Northern Ireland

One in five care home staff not jabbed as sector calls for health chiefs to identify 'barriers' preventing uptake

One in five care home workers in Northern Ireland are not vaccinated against Covid-19
One in five care home workers in Northern Ireland are not vaccinated against Covid-19 One in five care home workers in Northern Ireland are not vaccinated against Covid-19

HEALTH chiefs must tackle the "barriers" that have led to one in five care home staff not being vaccinated against Covid-19, a group representing the sector has warned.

Pauline Shepherd, chief executive of The Independent Health and Care Providers (IHCP), said while her organisation is opposed to mandatory jabs - as is the case in England - she believes more should be done to encourage uptake, particularly among young female staff.

There are more than 30,000 employees working across private nursing and care homes in Northern Ireland, of which Ms Shepherd confirmed 20 per cent were not inoculated.

She revealed the IHCP was working with the Public Health Agency (PHA) and the Regulation and Quality Improvement Authority (RQIA) watchdog to target those homes with reduced uptake.

But she expressed frustration that due to data protection she was unable to access information on the affected facilities.

Ms Shepherd also called for more face-to-face visits to homes, as opposed to the PHA "ringing round" them.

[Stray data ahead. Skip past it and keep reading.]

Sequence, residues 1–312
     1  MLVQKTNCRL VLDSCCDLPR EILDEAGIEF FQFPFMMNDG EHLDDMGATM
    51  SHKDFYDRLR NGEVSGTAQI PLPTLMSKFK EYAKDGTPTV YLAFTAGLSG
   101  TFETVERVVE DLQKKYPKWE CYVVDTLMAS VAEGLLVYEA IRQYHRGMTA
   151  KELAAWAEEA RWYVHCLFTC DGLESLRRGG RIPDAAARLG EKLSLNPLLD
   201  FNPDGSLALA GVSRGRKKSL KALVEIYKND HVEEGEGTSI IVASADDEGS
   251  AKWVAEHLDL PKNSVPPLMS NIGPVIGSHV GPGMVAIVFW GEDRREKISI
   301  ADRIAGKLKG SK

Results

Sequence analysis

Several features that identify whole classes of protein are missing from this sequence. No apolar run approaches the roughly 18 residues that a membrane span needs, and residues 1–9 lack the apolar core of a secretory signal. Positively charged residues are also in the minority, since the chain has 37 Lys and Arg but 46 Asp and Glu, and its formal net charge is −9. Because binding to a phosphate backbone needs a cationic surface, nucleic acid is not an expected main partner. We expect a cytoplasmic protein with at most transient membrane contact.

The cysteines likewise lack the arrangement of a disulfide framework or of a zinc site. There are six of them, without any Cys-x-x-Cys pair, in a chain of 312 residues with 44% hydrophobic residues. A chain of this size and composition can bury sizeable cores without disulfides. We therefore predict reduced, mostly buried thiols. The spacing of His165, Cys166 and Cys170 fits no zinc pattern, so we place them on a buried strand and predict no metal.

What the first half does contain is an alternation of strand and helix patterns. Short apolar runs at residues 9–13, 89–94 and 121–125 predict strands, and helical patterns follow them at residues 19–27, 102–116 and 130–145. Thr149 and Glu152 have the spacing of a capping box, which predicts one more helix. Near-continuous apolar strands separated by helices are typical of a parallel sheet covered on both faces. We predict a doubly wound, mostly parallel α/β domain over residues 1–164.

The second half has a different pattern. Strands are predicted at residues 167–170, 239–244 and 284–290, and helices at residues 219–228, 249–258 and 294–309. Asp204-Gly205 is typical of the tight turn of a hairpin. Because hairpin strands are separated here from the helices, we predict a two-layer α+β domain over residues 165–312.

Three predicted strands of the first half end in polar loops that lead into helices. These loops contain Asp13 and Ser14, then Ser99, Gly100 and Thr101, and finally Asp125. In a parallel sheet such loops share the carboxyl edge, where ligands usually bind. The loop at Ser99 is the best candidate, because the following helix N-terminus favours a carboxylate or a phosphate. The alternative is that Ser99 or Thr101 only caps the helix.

"I know there are some care homes that are 100 per cent vaccinated but the worrying thing is that means there are some less than 80 per cent," she told The Irish News.

"I think we should be trying to identify what the barriers area and encourage this last group of people to take up the vaccine. So I do think we should try other alternatives before going down the mandatory route - as we'll end up losing staff when we can't afford to.

"What I have said to the PHA and the RQIA is that we should should be sitting down and talking with the staff who haven't been vaccinated, asking what is wrong.

"I've been asking both organisations for months if we can do this, especially if the homes affected are members of our group. They won't give the information for data protection reasons. But if data protection gets in the way of common sense, I think we should find a way around it."

The care home chief said their research showed the majority of those unvaccinated in the sector were young women "worried about pregnancy and fertility" due to "myths and misinformation" on social media.

Meanwhile, visitors to care homes in the Republic are now required to show Covid vaccine passports or proof of immunity.

Ms Shepherd said did she did not support the extension of a similar move in the north, and instead supports the increased use of lateral flow tests before family visits.

She added: "There's probably going to come a time when we're going to say, you cannot eliminate Covid getting into a nursing home no matter what you do. It's about having all those protections and having everyone up to date as far as possible."

A PHA spokeswoman said it has been been working closely with the Department of Health, five trusts, RQIA and care home managers to deliver Covid boosters to residents and staff, as well as "encouraging staff to get their first and second vaccine if they have not done so already".

She added the agency "engages directly" with those care facilities with lower vaccine uptake.